In case you haven’t heard, Amazon recently began testing a new type of mobile popup ad, one that should concern any brand or retailer selling at its marketplace.
The ads work like this: When a shopper visits a brand’s sales listing or sponsored page on the Amazon mobile app, if Amazon itself has a lower-priced alternative in its AmazonBasics line, the company will serve a popup ad to steer that customer to buy it.
Even more troubling, these ads are designed to require customer action. They cannot be ignored. If a consumer visiting the listing page of your HDMI cable, for example, encounters a popup ad for a less-expensive AmazonBasics alternative, that customer will have only two choices: Click a button to close the ad, or click a different button to purchase the AmazonBasics product.
If this test proves successful for Amazon, and the company decides to roll out these ads for all of the nearly 20 AmazonBasics product categories (furniture, computer accessories, outdoor, automotive, pet supplies, etc.), your brand and your retail partners could find yourselves competing directly against Amazon’s own retail business—and on their platform!
Many of the initial reports about this mobile ad test have focused on questions of fairness. How can Amazon steer consumers away from its own marketplace’s listings and undermine its retail and brand partners? Will sellers fight back against the practice?
Other industry discussions focus on the troubles the strategy could create for Amazon itself. Won’t this put the company’s ad-sales operation (Amazon is now the third-largest digital ad platform) in direct conflict with the AmazonBasics retail division, which will be undermining its third-party advertisers?
2 Big Risks of Amazon’s New Mobile Ad Strategy, and How Your Brand Can Address Both
Those are all interesting questions. But at TrackStreet, we’re focused only on how this could affect your brand. The way we see it, if this AmazonBasics ad campaign (or something similar) becomes widespread, it could have a real impact on your company’s bottom line.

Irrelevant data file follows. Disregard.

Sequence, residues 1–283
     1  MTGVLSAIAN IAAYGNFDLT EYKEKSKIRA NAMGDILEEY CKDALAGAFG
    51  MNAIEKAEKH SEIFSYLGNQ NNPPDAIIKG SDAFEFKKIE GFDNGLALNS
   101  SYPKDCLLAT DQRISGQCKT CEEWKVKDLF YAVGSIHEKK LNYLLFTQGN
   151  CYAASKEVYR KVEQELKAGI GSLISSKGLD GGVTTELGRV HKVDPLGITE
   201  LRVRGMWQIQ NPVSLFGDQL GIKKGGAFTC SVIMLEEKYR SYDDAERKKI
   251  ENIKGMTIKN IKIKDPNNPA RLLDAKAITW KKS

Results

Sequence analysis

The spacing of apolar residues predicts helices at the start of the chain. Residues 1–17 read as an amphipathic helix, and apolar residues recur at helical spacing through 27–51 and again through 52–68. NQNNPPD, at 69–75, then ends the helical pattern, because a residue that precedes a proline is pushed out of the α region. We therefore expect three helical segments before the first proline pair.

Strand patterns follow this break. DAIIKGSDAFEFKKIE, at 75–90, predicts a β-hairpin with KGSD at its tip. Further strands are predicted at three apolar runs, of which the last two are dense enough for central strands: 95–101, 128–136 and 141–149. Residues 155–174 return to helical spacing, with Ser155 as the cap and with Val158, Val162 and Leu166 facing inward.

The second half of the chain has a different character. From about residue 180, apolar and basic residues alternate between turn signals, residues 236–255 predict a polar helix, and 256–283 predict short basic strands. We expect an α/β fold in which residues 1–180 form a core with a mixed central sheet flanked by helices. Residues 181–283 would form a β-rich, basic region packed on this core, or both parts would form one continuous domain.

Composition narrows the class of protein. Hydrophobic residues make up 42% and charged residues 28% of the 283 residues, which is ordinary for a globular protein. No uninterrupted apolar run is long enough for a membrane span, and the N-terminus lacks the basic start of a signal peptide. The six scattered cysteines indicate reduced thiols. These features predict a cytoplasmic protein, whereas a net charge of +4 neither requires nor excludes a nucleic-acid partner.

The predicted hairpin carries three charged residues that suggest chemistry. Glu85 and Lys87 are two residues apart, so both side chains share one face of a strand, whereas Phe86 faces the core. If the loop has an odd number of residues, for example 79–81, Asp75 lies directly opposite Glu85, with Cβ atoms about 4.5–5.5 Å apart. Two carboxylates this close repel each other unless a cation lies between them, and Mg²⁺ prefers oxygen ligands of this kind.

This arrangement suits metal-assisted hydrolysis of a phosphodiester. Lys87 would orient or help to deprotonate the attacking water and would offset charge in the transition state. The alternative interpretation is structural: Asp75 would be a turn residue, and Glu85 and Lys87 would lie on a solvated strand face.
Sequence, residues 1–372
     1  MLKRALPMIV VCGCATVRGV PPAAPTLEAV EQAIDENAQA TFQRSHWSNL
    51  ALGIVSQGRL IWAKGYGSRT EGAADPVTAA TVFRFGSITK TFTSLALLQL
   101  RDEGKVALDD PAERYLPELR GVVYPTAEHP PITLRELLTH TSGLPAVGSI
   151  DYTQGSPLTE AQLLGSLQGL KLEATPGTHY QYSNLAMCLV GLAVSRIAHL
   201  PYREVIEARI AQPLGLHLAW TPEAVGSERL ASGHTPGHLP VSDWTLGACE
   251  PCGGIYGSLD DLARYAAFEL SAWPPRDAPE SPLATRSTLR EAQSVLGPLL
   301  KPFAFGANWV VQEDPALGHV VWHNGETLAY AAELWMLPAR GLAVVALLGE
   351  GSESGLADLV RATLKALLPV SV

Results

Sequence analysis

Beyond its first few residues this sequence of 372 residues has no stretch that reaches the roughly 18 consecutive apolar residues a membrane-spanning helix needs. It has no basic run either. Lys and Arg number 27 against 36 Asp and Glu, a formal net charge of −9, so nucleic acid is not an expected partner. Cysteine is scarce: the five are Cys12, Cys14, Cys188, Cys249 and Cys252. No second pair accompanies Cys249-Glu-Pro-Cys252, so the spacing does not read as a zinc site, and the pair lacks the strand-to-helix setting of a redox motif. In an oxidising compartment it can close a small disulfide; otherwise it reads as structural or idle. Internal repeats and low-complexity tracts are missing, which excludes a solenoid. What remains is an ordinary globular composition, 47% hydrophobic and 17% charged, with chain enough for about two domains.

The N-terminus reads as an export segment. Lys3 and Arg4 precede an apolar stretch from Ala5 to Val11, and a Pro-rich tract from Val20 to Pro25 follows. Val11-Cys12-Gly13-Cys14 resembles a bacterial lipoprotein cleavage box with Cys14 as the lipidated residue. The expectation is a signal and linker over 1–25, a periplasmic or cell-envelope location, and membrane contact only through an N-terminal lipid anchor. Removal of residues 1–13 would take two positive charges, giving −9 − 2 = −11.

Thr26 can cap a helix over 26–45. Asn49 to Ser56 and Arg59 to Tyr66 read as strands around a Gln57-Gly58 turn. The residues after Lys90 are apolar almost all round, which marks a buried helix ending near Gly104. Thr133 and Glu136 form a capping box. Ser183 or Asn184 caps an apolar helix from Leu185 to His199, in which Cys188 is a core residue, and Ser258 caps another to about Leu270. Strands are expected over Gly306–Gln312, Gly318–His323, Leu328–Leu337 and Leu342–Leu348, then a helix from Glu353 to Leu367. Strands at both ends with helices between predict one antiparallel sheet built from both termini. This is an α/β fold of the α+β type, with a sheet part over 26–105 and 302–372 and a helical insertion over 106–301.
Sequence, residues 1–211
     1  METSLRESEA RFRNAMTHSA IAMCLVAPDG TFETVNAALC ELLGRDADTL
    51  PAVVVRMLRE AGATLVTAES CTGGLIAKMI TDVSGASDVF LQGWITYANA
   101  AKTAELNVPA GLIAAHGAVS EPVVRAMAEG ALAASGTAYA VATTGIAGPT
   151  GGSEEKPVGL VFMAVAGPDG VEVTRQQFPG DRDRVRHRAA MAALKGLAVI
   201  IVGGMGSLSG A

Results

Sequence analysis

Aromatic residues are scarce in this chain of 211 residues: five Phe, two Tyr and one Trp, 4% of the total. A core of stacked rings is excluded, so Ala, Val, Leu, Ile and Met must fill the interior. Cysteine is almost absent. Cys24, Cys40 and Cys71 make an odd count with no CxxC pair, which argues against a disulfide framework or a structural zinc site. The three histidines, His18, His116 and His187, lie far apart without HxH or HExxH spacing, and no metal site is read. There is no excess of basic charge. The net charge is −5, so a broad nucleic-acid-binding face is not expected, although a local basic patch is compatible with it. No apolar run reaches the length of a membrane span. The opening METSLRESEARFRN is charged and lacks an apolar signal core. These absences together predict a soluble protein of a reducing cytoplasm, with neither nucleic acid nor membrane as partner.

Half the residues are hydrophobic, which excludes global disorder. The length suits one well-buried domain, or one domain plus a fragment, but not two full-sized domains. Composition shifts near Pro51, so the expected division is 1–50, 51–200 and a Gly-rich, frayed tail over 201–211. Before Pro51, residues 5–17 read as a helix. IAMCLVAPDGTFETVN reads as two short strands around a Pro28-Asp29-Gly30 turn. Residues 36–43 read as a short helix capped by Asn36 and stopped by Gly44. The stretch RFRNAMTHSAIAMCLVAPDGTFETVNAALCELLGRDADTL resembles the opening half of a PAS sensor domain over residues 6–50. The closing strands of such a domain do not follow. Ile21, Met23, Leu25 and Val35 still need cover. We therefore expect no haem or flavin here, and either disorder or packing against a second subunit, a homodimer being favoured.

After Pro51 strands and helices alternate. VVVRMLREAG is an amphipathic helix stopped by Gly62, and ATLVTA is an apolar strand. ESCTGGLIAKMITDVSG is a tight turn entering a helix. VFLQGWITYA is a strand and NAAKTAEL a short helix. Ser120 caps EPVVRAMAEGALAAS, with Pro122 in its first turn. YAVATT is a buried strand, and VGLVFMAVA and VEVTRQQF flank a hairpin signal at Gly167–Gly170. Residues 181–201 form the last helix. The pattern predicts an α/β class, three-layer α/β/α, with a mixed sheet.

But you can address these risks—quickly, painlessly, and cost-effectively. Here’s our take.
1. These Amazon ads could pressure sellers to violate your MAP policy.
Imagine your retail partners discover that visitors to their listing pages or ads are being interrupted with AmazonBasics promos for cheaper alternatives. Worse, imagine the prices of the private-label Amazon products are less than your MAP pricing levels.
Some of these retailers might be tempted to drop their prices below your MAP guidelines to compete with Amazon. Even if they’ve never violated your policy before, when these sellers realize they’re up against Amazon itself, they might not see any choice.
What to do about it:
This means you have yet another reason to step up your MAP monitoring and enforcement strategy. That way, you’ll be the first to know if there are violations. And if you don’t have a MAP policy in place, or a system for policing it, you definitely need one ASAP. Particularly for products in your line that must be protected, such as your brand’s “crown jewels.” Plus, using a solution like TrackStreet’s Market Visibility module for monitoring pricing trends over time on your key products, can help you know when things are shifting.
2. Because cheaper Amazon alternatives will be more visible, any damage to your brand could cost you more customers.
If Amazon is regularly reminding shoppers that it makes products similar to yours, and selling them for less, any missteps that harm your brand could become costlier than ever to your business’s bottom line. If customers view you as a commodity company, as opposed to a unique brand they know and trust, they will have no trouble abandoning your products for cheaper alternatives from Amazon.
What to do about it:
This means you need to be more vigilant about safeguarding your brand’s value from the many threats it faces online. You’ll need to be more aggressive in keeping your resale circle tight and controlled, for example, by implementing an authorized dealer program and inviting only retailers that have stellar reputations. You’ll need to be on the lookout for unauthorized 3Ps creating lousy buying experiences with your products. You’ll also need to be more strategic about monitoring the Internet for customer reviews—and responding quickly, publicly, and professionally to negative ones.
Brand value may be one of your company’s most important assets, so protecting and growing it should be a key priority. If you need to evaluate your brand and how it is performing online and want help crafting your strategy, we can help.